Refrigerated eggs versus shelves: Is one method safer?
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Washed eggs become more sensitive to temperature fluctuations and must be kept at low temperatures to prevent bacterial contamination. | Dr. Vincent Guyonnet
If you have traveled overseas and visited with an interested eye the local grocery stores and food markets, have you ever wondered why some countries, mainly the U.S. and Canada, sell eggs under refrigeration, while most other countries sell them on regular shelves?
Read the entire report about egg storage exclusively in the February issue of Poultry International.
A key principle from the Codex Alimentarius, the grouping of food standards adopted by the FAO/WHO’s Codex Alimentarius Committee, is that “from primary production to the point of consumption, eggs should be subject to effective and validated control measures intended to achieve the appropriate level of public health protection.”
Interestingly, under this same principle of food safety, two camps have been created and have adopted opposite tactics.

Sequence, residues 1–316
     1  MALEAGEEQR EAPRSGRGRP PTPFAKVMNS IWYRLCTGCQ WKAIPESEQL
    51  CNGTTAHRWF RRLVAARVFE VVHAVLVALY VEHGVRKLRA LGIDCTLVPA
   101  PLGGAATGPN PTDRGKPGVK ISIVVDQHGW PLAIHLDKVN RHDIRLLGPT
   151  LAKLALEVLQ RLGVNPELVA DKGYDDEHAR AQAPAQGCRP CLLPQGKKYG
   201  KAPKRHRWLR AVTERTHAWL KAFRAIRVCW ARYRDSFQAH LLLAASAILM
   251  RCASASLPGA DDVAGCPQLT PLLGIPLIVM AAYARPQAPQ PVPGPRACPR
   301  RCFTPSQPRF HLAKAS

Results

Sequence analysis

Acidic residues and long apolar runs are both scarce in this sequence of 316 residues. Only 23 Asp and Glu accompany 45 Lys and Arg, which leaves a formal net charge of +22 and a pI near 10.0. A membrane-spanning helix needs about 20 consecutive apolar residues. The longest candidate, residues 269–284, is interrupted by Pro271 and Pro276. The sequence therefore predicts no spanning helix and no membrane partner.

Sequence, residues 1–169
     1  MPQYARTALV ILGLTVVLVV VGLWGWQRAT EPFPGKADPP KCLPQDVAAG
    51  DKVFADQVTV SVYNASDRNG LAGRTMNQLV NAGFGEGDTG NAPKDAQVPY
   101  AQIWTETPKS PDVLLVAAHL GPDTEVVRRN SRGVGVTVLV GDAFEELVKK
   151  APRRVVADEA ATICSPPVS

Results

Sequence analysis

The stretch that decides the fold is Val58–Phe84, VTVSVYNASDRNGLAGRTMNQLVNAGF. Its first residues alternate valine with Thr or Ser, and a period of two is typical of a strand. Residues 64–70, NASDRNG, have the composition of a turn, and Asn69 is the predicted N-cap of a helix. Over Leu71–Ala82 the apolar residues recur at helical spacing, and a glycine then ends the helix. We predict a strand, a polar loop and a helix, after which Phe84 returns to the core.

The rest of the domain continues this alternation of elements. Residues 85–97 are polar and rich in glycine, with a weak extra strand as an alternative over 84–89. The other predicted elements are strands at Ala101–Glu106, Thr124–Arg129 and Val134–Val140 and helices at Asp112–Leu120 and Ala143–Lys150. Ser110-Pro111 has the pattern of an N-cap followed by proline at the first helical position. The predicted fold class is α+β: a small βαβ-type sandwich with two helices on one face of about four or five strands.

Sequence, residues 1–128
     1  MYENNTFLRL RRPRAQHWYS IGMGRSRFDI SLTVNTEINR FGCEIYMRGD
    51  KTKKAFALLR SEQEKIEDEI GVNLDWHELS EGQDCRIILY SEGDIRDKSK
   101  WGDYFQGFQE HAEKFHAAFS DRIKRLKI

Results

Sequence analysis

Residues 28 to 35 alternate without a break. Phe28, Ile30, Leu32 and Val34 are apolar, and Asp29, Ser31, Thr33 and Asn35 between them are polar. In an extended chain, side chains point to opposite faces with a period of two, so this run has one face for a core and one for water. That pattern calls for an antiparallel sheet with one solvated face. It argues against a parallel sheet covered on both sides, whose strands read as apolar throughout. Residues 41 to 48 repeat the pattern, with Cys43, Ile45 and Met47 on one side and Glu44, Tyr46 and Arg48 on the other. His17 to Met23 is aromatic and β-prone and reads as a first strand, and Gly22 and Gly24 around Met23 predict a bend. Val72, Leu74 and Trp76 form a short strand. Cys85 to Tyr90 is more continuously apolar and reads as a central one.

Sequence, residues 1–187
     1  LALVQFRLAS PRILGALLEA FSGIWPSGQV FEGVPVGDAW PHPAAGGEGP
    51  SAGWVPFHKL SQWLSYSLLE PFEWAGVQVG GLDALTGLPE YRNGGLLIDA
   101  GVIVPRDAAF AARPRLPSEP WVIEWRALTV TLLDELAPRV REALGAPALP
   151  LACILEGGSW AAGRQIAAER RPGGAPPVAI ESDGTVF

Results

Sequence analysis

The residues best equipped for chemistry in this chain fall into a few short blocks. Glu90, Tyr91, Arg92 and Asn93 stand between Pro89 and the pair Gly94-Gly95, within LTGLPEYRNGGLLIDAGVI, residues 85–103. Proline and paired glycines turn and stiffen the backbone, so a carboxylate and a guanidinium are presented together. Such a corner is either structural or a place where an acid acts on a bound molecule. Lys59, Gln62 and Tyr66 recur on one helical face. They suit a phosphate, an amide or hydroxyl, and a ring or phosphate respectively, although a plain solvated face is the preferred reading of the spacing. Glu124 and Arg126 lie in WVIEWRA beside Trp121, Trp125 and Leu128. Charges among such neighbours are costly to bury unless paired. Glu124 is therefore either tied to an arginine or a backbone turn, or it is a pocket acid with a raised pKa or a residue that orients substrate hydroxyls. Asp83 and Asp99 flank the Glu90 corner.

In most of the world, eggs are not refrigerated throughout the distribution channel and sold in stores as non-refrigerated items usually next to baking goods. Along with that, the washing of eggs on farms or in egg packing stations is not permitted. This allows for the cuticle, a fine coating deposited by the hen during the last stage of the egg formation, to continue to play its role as a protective barrier throughout the life of the egg.
In a very few countries, the eggs are kept under refrigeration, starting often right on the farms. Eggs will then be washed at warm temperatures, blow dried, packed and kept under refrigeration all the way to the shelves of the stores. When refrigerated, eggs are more sensitive to temperature fluctuations and will “sweat” quickly if exposed to warmer temperatures, increasing the potential risk of bacterial contamination through the eggshell or the development of fungus or mildew on the shell.
So, is one method safer than the other?
In this issue of Poultry International, you will also learn about:
Dr. Vincent Guyonnet is a consultant to the Poultry sector with a focus on international development.view all news